• Animal communications researcher Herbert Birch makes a presentation in which he draws a distinction between interactions that are merely 'behavior' versus what he terms 'true communication' in higher animals and humans. This 'true communication' Birch characterizes as involving anticipation, intentionality, symbolization, learning, and social engagement. Rosenblueth and Bigelow respond very critically, claiming that the elements of Birch's 'true communication' entail ambiguous mentalist notions that are inimical to the non-mentalist approach underlying their paradigmatic cybernetics research.
  • In an exchange on the recurring topic of the 'unconscious', Rosenblueth declares that a mental event (and / or associated neural events) either occurs or it does not occur. He characterized the notion of a mental event engendering a memory but somehow still 'unconscious' to be nonsense.
  • As the recurring debate over psychiatry's status as 'scientific' played out, Rosenblueth claims natural science's general approach and language can handle the problems addressed by psychiatry, and Pitts claims that the onus is on psychiatrists to either demonstrate their methods are 'scientific' or else advance them to where they become so.

    These three factoids provide evidence of something that had permeated the entire conference series - a persistent critique from the 'hard science' contingent against fuzzy descriptions based on vague 'mentalist' constructs. This in turn illustrates why the participants interested in cognitive 'content' (cf. Klüver's persistent allusions to Gestalten) were always at a disadvantage in putting such topics before the group.

9th Conference

20 - 21 March 1952

New York City


- Savage
(didn't attend)
- Northrop
(didn't attend)



  • More 'guests' invited than at any other Macy Conference.
  • McCulloch opens the conference with observations about increasing disruptions to the conference series' coherence. He cites the problems of conflicting schedules which had forced a number of regulars to be elsewhere. He also cites the growing secrecy imposed on some participants' projects (von Neumann and Bavelas) which prevents presentation and discussion of relevant work.

    By this time von Neumann had effectively dropped out of the conference series. McCulloch's remarks illustrate both the increasingly oppressive atmosphere of the McCarthy era and the apparent fact that long-term conference participants were prioritizing other things.

  • Divergent interests continue to characterize the participants' discussions. For example, Bateson responds to Gerard's presentation on neuronal excitation / inhibition by asking how one can relate such neurophysiological minutiae to broader philosophical or epistemological issues.
  • Bateson gives a presentation on humor and communication, leading to his unveiling of a notion that paradox (his espoused key to humor) was at the heart of all human communication.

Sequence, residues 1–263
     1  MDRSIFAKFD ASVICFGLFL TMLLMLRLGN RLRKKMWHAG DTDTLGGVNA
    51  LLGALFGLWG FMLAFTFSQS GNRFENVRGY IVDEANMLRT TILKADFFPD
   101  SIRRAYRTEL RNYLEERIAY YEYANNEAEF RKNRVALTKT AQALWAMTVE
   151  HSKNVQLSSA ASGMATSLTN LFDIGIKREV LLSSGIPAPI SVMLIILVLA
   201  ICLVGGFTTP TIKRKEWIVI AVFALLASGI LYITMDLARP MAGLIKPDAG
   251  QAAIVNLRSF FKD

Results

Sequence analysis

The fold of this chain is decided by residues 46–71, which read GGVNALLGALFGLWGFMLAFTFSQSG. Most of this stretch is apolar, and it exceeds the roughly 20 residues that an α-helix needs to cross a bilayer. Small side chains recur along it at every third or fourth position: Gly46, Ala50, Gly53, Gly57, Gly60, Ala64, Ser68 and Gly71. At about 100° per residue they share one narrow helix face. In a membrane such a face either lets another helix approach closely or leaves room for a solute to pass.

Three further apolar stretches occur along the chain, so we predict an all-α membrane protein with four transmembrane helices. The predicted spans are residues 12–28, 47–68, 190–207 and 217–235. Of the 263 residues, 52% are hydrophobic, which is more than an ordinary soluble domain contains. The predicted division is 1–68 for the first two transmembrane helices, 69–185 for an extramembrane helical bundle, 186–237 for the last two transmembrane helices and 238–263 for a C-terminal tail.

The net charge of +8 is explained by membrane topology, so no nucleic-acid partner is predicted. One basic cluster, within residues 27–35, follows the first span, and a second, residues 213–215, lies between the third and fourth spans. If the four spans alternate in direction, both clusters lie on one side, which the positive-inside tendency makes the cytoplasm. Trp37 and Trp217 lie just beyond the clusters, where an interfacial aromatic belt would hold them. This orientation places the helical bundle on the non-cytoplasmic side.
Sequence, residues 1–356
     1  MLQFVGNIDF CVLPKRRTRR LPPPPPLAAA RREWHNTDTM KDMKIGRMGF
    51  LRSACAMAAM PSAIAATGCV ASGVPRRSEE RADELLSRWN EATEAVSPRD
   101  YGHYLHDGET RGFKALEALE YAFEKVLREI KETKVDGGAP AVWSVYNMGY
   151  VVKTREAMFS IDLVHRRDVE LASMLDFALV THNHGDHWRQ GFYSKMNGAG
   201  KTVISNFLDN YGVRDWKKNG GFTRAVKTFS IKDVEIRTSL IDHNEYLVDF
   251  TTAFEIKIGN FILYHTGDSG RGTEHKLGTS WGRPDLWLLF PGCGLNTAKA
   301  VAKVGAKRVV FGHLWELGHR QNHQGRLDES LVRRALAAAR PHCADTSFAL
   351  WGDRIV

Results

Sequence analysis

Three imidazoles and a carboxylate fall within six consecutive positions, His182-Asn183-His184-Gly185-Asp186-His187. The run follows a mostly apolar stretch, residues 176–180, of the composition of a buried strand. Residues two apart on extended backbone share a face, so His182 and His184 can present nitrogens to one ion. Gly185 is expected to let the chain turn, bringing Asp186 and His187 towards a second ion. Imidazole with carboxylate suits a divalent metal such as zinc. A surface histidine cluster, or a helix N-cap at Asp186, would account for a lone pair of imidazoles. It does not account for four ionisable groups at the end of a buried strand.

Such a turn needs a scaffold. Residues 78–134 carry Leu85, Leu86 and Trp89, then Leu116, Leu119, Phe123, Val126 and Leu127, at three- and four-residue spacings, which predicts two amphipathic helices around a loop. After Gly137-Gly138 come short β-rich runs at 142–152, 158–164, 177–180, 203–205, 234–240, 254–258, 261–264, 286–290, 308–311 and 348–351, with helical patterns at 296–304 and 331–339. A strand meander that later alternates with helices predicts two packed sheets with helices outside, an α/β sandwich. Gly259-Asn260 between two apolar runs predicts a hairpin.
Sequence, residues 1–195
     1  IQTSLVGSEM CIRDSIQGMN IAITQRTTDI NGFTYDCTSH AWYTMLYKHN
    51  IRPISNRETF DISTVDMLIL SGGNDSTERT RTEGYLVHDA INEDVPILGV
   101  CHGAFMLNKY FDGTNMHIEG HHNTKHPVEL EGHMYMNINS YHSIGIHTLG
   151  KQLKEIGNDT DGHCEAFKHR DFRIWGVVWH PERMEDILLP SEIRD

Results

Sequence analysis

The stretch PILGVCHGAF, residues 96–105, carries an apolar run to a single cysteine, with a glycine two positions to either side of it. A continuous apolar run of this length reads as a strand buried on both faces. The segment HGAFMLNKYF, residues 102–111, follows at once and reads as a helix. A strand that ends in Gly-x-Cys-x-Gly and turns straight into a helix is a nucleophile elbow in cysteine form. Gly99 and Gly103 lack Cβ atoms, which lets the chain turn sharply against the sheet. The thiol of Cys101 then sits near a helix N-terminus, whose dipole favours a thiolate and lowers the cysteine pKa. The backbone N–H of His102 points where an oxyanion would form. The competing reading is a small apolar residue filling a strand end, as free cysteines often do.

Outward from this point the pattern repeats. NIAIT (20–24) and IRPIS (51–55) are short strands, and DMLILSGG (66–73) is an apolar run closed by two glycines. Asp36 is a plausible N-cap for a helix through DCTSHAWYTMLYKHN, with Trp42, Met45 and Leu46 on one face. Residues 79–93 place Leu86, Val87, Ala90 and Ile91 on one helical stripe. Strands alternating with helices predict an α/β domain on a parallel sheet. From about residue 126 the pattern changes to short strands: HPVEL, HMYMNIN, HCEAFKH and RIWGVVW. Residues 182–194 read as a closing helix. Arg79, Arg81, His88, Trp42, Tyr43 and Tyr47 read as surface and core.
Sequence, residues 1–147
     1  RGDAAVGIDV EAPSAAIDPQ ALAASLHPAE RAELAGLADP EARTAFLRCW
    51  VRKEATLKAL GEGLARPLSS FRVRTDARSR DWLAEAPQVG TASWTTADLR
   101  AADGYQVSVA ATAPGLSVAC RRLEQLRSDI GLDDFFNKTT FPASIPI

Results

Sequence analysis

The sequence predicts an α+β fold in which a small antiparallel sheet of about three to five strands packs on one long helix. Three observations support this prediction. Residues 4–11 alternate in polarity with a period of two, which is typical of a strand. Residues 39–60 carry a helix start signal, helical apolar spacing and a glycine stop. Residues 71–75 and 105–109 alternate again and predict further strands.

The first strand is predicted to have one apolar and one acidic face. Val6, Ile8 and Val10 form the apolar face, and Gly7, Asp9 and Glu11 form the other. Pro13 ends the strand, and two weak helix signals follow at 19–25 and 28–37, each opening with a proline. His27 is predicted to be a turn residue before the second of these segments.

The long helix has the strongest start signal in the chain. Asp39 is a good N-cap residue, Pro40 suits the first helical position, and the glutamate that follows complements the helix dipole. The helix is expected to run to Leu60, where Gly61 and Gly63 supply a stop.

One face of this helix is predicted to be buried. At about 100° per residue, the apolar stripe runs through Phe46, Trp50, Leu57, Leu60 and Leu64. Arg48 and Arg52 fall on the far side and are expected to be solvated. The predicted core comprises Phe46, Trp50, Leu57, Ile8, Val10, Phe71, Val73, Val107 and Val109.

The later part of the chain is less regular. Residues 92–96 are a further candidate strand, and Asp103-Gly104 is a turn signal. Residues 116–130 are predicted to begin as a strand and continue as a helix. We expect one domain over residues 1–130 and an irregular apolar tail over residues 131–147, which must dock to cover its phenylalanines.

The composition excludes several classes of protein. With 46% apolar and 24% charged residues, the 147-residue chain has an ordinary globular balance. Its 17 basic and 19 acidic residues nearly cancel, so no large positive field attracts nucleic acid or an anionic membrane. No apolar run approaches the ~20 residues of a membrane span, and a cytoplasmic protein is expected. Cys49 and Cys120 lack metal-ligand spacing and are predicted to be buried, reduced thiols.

• W. Ross Ashby presents 2 papers - one on his 'homeostat' and the other on the prospects of chess playing automatons requiring random tactics before they can defeat human opponents.

    Though he would later become one of the most famous cyberneticians, this was Ashby's only appearance in the Macy Conference series.

  • Interestingly, some of the more technically-minded regulars like Bigelow and Pitts, interrogate Ashby about his homeostat and challenge him to explain how it 'learns'.

    Ironically, this means the 'hardcore' cyberneticians were in the position of arguing their case from an internalist or mentalist perspective - the same position for which they'd been castigating the psychiatrists for years. It's also ironic in the sense that such critiques had for years stifled attention to the subject of 'learning' - the very point upon which they challenged Ashby.

  • Kubie avoids some of the arguments associated with his earlier presentations by downplaying psychoanalytical theory and characterizing himself as a sort of naturalist observing emotions.

    This illustrates a drift similar to Bavelas (cf. 8th conference notes), but one more like a defensive reaction rather than a positive adaptation based on past discussions.

  • Guest Quastler proposes application of cybernetics at the microlevel in relation to biochemical and cellular processes. He presents a set of estimated values for 'complexity' in biological organisms, based on the amount of information they represent or can represent.

    Quastler's presentation apparently didn't generate a lot of discussion or enthusiasm. Interestingly, the notion of quantifying 'complexity' would serve as the seed for 'complexity studies' - one of the many alleged latter-day successors to cybernetics.

  • Bigelow chides the social science contingent for falling into a trap by surrendering to a fascination with mathematics.

    Dupuy (2000) cites this as a specific illustration of cybernetics' problem with managing non-specialists' and public perceptions of the usually very specific concepts and constructs the group generally addressed. In this case, Bigelow was warning the non-specialist participants that they were uncritically accepting some of the 'hard science' contingent's products without understanding the limits of their significance. This also relates to Gerard's earlier comments warning of overinflated expectations among the public.